Enjoy the great outdoors with National GetOutside Day

Seize the day with National GetOutside Day (Image credit: Ordnance Survey)

One of the few things we can say with certainty in this most unusual, unpredictable and tumultuous year is that it is better – and even more healthy than ever – to spend more time outside than in. Happily, then, we can report that, whatever else might be cancelled, National GetOutside Day (opens in new tab) will be happening once again this year, on Sunday 27 September 2020.

The annual event – now part of the Great British Week of Sport (opens in new tab), launched this year – is a concept driven by the UK’s mapping agency, Ordnance Survey (opens in new tab). The idea is simple: seize the day, as summer segues into autumn, and get outside for a walk, a ride, a run, a paddle, a skip… whatever you want to do. But do it outside.

If you need some inspiration, Ordnance Survey’s free GetOutside app (opens in new tab) is full of ideas and suggested routes, arranged and searchable by location and by activity type. The OS Maps app (opens in new tab) is another great place to head in order to start planning an outdoor adventure in the great British outdoors, where you can breathe freely and there’s unlimited space to keep socially distant.

For more information about what the day entails, check out some of the GetOutside action from last year (opens in new tab).

“Obviously it’s going to be a little different to previous years, but the one thing that hasn’t changed, is the importance of being outside for our own physical, social and mental wellbeing,” says Ordnance Survey’s Liz Beverly. “The outdoors is a safe a place as any right now, so we’re making it our mission to encourage everyone to get outside safely…following government guidelines of course."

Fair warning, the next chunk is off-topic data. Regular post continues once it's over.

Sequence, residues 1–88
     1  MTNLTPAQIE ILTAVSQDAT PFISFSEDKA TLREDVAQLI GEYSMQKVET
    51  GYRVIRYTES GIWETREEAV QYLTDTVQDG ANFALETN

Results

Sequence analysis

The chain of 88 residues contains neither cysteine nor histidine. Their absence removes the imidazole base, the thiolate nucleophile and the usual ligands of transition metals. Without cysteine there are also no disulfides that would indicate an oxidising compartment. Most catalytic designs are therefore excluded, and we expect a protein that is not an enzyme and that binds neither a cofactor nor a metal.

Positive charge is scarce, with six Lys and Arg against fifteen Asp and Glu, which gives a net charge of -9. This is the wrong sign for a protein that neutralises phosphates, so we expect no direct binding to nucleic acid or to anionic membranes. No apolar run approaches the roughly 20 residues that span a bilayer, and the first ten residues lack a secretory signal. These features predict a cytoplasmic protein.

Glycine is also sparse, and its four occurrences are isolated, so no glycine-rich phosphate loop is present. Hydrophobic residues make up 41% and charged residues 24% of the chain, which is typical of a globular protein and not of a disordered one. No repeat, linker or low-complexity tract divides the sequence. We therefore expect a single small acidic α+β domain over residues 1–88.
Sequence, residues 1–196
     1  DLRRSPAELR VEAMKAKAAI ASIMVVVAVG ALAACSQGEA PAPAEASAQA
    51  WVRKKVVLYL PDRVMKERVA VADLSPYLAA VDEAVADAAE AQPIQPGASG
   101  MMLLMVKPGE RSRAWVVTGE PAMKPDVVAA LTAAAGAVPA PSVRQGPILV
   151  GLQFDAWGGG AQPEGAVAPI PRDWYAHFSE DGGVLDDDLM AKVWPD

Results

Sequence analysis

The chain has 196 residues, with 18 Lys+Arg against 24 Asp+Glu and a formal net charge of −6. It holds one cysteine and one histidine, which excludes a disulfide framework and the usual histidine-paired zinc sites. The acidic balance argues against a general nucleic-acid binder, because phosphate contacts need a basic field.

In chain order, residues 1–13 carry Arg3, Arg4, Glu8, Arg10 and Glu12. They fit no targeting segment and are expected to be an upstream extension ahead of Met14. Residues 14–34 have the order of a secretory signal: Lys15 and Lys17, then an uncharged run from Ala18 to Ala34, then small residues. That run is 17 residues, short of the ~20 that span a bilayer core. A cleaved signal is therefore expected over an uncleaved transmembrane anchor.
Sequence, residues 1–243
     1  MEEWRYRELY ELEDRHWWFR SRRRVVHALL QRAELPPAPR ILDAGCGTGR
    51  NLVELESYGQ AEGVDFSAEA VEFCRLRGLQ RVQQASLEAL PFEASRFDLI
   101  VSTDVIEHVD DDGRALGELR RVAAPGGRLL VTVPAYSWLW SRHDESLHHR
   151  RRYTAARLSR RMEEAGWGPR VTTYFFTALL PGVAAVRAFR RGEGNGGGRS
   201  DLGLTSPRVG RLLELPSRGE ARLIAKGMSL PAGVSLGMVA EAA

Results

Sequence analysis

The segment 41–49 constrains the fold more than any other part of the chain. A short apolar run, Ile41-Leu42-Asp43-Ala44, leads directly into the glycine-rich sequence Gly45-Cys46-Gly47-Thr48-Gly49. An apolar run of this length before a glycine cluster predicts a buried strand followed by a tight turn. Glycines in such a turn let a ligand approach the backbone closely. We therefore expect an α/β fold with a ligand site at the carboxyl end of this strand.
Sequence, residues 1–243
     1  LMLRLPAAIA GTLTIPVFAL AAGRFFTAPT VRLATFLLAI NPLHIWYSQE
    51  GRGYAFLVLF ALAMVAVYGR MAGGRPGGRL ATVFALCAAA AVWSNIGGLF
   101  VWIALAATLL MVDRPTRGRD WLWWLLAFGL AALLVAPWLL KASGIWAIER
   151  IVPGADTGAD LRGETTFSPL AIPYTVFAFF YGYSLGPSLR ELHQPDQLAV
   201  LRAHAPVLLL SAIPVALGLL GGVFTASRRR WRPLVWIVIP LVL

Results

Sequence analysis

“Celebrating National GetOutside Day is an ideal opportunity for us all to reassess our lifestyles and think about whether we have got the balance right," Beverly adds. "With government guidance changing all the time, this year is not about organising big events or encouraging others to join group gatherings. It’s about staying safe, having fun, getting a good dose of fresh air and perhaps finding some of the paths less trodden.

“For some of us we may feel safer doing this on our own, for others this may be in a family bubble or inviting a friend to join us. The Great British outdoors has so much to offer, so let’s make sure that everyone knows there’s something and somewhere out there for us all to enjoy."

To get involved, visit the Ordnance Survey (opens in new tab) website, sign up (opens in new tab) and let them know what you have planned (which means you can also enter into a draw to win the ‘Ultimate Adventure Bundle’ (opens in new tab) from OS, which features a set of family jackets from Craghoppers, a brand new Land Rover Explore R phone, a 12-month OS Maps subscription, a GB picnic blanket, a Great British Adventure Map, a Badminton, Tennis and Volleyball set for the whole family to enjoy, plus GetOutside camping mugs and GetOutside t-shirts.

Writer, editor and enthusiast of anything involving boots, bikes, boats, beers and bruises, Pat has spent 20 years pursuing adventure stories. En route he’s canoed Canada’s Yukon River, climbed Mont Blanc and Kilimanjaro, skied and mountain biked through the Norwegian Alps, run an ultra across the roof of Mauritius, and set short-lived records for trail-running Australia’s highest peaks and New Zealand’s Great Walks. He’s authored walking guides to Devon (opens in new tab) and Dorset (opens in new tab), and once wrote a whole book about Toilets (opens in new tab) for Lonely Planet. Follow Pat’s escapades here (opens in new tab).